The information which charges that the defendant “did wilfully and unlawfully drive a motor vehicle in a negligent manner, which said driving was the proximate result of the death of C. K. Foote and Jane Doe Foote, human beings,” is not fatally defective for uncertainty or because it also charged that the act which caused the death of other individuals was “wilfully” performed. The information specifically charges the commission of a felony, to wit, “violation of section 500 of the Vehicle Code, negligent homicide.” It is immaterial and harmless that it may be deemed to have also charged facts which might constitute another offense, to wit, manslaughter. The defendant neither demurred to the information nor moved to arrest the judgment. There is a clear distinction between a willful act which results in injury or death and the performance of a mere negligent act. Candini v. Hiatt, 9 Cal.App.(2d) 679, 683, 50 P.(2d) 843. A willful act is one which is intentionally performed, while a negligent act may be merely carelessly done from a lack of ordinary prudence. The offense of negligent homicide defined by section 500 of the Vehicle Code (St.1935, p. 173,) does not depend on the presence of the element of willfulness or intention to violate the law. The offense may be complete without any such purpose or intent. It was therefore unnecessary to allege that the acts were performed willfully. The use of that word in the information is surplusage and unnecessary. But it was harmless. The defendant was not prejudiced thereby, and he may not complain of the use of that word in the information for the first time on appeal. We believe the defendant could not be misled by the use of that word regarding the offense with which he was charged. But, if it be deemed that the information was uncertain on that account, that defect was waived by failure to demur to the information or to move in arrest of judgment, for the reason that the information does state a public offense. People v. Stone, 199 Cal. 610, 624, 250 P. 659; 8 Cal.Jur. 499, § 515.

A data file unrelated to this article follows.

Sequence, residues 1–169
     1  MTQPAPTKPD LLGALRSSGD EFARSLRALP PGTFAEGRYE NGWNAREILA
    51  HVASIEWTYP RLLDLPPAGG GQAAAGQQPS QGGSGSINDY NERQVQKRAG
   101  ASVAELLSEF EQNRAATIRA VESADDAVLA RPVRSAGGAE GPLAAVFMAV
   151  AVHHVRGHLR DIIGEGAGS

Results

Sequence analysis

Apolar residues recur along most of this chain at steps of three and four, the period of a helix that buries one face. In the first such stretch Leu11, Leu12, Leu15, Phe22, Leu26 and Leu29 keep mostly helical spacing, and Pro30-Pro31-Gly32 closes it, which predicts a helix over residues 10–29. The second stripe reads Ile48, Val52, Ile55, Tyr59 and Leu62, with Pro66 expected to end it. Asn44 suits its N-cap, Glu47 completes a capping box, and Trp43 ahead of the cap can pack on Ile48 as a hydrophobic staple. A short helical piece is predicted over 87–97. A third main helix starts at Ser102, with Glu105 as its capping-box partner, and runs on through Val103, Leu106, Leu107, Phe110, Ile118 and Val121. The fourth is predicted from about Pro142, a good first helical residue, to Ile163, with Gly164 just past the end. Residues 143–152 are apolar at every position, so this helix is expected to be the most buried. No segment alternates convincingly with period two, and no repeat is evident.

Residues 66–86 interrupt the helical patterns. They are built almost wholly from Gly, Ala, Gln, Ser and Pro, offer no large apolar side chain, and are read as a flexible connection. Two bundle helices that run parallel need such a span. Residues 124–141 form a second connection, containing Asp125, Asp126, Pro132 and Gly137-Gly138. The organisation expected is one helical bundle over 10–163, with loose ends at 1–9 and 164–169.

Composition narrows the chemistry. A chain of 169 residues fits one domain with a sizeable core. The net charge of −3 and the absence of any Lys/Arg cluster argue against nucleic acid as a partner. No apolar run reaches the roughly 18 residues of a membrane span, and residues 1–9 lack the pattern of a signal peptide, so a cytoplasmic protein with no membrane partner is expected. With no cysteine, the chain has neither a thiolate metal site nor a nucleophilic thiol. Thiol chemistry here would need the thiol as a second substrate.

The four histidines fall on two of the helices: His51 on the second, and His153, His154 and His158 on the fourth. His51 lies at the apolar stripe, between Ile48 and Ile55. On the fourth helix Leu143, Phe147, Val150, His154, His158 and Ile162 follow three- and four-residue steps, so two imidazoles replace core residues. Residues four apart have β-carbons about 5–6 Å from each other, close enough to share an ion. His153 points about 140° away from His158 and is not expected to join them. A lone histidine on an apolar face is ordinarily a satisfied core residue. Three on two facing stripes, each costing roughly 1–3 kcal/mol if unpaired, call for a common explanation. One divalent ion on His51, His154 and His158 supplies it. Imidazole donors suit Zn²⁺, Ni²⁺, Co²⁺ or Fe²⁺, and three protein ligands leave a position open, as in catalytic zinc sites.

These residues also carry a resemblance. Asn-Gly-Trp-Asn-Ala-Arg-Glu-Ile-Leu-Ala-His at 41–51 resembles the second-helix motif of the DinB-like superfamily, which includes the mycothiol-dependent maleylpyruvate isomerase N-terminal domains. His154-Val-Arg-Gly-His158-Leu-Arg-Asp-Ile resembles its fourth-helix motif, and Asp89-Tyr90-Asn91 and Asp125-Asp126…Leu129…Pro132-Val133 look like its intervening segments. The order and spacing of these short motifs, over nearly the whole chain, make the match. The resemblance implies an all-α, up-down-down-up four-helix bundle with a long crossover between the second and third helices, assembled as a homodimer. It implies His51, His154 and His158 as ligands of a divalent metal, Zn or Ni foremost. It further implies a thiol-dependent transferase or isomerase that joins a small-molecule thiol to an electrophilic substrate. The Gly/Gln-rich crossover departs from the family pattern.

There is no fatal variance between the allegations of the information and the proof which was adduced at the trial. The defendant was clearly charged with the offense of negligent homicide as defined in section 500 of the Vehicle Code. There was no attempt at the trial to prove that he was also guilty of the ordinary crime of manslaughter or that he willfully operated the automobile contrary to law. No objection to the evidence was made at the trial on the ground of variance. The case was tried on the theory that the defendant was merely charged with negligent homicide as provided by section 500 of the Vehicle Code and that he was not being tried for manslaughter. He was certainly not prejudiced by the mere use in the information of the word “wilfully.” An objection to evidence on the ground of variance may ordinarily not be made for the first time on appeal. It is waived by failure to raise that objection at the trial. People v. Fuski, 49 Cal.App. 4, 192 P. 552; People v. Woods, 190 Cal. 513, 213 P. 951; 8 Cal.Jur. 500, § 515. In 8 California Jurisprudence last cited it is said in that regard: “An objection to variance between the pleading and proof cannot be made for the first time upon appeal. And when the case is tried on the theory that certain issues are covered by the indictment it is too late to make the point upon appeal, where it does not appear that prejudice resulted to the defendant from any imperfections in the indictment.”